There are four cases to report in the Lakes DHB area today, including three in Rotorua and one in Taupō. All four cases remain under investigation for links to previously reported cases. All cases are isolating at home.

One new case is being reported in New Plymouth, which is linked to a previously reported case in New Plymouth. The case is isolating at home. Local testing sites can be found on the Taranaki DHB website.

MIQ absconder update

The recent returnee who self-discharged from Middlemore Hospital on Monday along with their child has voluntarily returned to the facility where they are completing their managed isolation.

The child, who had been taken to Middlemore with their parent as they were too young to be left unattended in managed isolation, has also returned. They returned to the MIQ facility last night and have seven days of their isolation still to complete.

Further tests have been carried out on both the parent and child.

Police will make inquiries into the incident to see if any further action is required.

Hospitalisations

  • Cases in hospital: 51; North Shore: 6; Auckland: 21; Middlemore: 21; Waikato: 2; Tauranga: 1
  • Vaccination status of current hospitalisations (Northern Region wards only): Unvaccinated or not eligible (23 cases / 49%); partially immunised <7 days from second dose or have only received one dose (5 cases / 11%); fully vaccinated at least 7 days before being reported as a case (10 cases/ 21%); unknown (9 case / 19%)
  • Average age of current hospitalisations: 50
  • Cases in ICU or HDU: 7 (1 in North Shore; 2 in Auckland; 4 in Middlemore)

Testing

  • Number of tests total (last 24 hours): 22,223
  • Tests rolling average (last 7 days): 19,816
  • Auckland tests total (last 24 hours): 8,858

Vaccination

There were 20,328 total vaccine doses administered yesterday, including 1,860 first doses and 6,273 second doses. To date, 94% of eligible people in New Zealand have had their first dose and 90% are double-dosed.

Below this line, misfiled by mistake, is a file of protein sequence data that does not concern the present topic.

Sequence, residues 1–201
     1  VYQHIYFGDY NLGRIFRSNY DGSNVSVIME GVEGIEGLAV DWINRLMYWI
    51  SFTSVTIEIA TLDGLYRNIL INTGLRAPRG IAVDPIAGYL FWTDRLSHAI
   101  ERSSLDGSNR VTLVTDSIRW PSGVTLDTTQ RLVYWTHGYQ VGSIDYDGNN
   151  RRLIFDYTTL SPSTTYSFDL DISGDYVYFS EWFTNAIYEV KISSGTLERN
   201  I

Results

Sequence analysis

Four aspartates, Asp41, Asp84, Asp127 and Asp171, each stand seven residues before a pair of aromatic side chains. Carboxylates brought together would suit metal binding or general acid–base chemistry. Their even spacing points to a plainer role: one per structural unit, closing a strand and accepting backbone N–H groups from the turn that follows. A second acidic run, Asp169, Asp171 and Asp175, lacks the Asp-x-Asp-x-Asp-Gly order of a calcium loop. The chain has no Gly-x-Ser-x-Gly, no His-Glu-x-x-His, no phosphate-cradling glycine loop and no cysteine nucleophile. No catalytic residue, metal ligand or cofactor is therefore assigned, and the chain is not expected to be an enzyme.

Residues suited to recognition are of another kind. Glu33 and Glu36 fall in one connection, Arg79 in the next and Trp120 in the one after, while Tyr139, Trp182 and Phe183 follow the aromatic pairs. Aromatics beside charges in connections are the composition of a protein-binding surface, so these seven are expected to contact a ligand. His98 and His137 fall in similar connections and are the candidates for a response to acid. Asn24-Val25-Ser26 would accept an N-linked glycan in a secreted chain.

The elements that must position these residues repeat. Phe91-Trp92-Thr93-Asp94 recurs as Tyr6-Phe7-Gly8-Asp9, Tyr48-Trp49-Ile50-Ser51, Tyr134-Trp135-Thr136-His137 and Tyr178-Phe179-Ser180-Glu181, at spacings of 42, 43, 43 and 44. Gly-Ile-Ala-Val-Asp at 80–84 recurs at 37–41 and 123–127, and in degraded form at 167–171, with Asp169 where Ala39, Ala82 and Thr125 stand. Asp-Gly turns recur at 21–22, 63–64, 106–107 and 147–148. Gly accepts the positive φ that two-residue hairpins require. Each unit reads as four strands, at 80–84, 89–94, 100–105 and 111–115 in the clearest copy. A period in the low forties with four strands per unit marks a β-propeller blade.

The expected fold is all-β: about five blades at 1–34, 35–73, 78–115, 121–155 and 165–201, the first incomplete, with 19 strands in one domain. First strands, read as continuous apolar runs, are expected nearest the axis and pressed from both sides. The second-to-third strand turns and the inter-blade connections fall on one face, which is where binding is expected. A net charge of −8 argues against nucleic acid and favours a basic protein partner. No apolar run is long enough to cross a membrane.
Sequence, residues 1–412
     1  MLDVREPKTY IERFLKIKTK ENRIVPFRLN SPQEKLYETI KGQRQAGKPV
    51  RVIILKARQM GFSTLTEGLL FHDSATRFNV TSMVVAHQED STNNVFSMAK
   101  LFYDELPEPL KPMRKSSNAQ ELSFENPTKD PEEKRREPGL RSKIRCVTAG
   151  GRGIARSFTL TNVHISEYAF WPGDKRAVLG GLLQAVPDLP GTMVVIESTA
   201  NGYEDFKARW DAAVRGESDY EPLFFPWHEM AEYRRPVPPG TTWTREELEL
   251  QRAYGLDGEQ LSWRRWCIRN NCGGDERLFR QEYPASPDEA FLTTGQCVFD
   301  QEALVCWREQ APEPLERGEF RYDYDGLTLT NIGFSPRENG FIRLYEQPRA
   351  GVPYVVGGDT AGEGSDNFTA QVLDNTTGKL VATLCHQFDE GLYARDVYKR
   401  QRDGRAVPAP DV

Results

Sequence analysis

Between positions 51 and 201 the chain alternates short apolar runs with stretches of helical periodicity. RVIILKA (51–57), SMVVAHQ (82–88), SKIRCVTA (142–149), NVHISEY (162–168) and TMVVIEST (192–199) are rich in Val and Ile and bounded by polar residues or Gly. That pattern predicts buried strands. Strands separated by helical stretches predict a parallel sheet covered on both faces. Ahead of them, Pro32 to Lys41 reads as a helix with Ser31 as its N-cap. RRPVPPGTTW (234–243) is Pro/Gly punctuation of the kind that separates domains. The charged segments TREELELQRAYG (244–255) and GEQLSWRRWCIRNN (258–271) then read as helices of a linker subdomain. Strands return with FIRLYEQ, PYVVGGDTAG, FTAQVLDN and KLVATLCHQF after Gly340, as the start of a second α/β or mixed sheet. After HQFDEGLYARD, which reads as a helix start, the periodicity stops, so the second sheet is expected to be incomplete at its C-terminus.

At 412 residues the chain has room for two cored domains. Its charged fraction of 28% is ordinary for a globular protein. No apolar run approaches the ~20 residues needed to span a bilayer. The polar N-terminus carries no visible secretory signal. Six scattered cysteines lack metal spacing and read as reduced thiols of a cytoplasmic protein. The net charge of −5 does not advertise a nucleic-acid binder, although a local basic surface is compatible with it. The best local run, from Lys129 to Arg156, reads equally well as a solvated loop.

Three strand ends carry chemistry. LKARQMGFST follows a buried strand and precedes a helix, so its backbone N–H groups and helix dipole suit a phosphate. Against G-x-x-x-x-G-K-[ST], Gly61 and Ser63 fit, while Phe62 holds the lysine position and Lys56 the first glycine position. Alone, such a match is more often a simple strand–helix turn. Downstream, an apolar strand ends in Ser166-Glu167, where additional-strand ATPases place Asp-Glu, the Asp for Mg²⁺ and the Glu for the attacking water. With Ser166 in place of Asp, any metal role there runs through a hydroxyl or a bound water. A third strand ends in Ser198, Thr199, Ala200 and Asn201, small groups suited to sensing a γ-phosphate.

South Canterbury DHB is expected to become the 11th DHB to hit the 90% fully vaccinated milestone later today based on uptake among its eligible population, with just 59 doses to go as of 11.59pm yesterday.

Next in line based on uptake by their eligible populations are Hawke’s Bay DHB (1,308 doses); and Waikato (2,866 doses).

Boosters and kids

The booster gap reduction announced yesterday comes into effect for walk-in vaccinations from January 5, and bookings can be made on BookMyVaccine.nz from January 17.

Parents and caregivers will be able to book vaccinations for 5 to 110year-olds from January 17.

Limit arrivals or risk swamping MIQ with omicron, says Baker

The omicron variant of Covid-19 may “swamp” MIQ unless the number of overseas arrivals is cut, Otago University public health professor Michael Baker has warned.

The government on Tuesday announced a raft of measures to hold off the highly contagious variant, including pushing the border reopening out to the end of February, lengthening MIQ stays to 10 days and shortening pre-departure tests to 48 hours from 72.

Baker told RNZ that limiting or even halting arrivals from certain high-risk countries should also be considered as the possibility of 10-20 arrivals a day would “just swamp our MIQ system, so we’ve got to do something to turn that tap down”. Decisions to limit travellers from certain countries should be based purely on how many cases the system could handle.

GeoHealth Laboratory’s Dr Matthew Hobbs echoed Baker’s comments, saying it would be sensible for the government to consider the measure as an “extra layer of protection” to get the country through summer.

New Zealanders abroad disappointed with border reopening delay

Among the other measures, the border reopening delay has given New Zealanders abroad another roadblock in their efforts to return home.

New Zealand citizen Susan Thomas and her husband, who live in Western Australia, told RNZ their return to Aotearoa from mid-January is organised. But the change in government policy has meant the pair must now secure a MIQ spot to ensure their plans aren’t scuttled.

Alexandra Birt, a spokesperson for Grounded Kiwis, a network of overseas New Zealanders wanting MIQ changed, said not all arrivals posed the same risk of carrying omicron and the one-size-fits-all approach was unreasonable.

Covid-19 response minister Chris Hipkins yesterday acknowledged the change wouldn’t be “welcome news”, and said the government would work with airlines to rejig MIQ spaces for those booked on flights from Australia from mid-January.

Air New Zealand cancelled about 120 flights affecting some 27,000 passengers, after the government’s announcement, and a limited schedule of quarantine flights will be available for booking.

Tuesday’s scheduled MIQ room release was also scrapped, with the Ministry of Business, Innovation and Employment saying the next release of spaces would occur on January 6, 2022.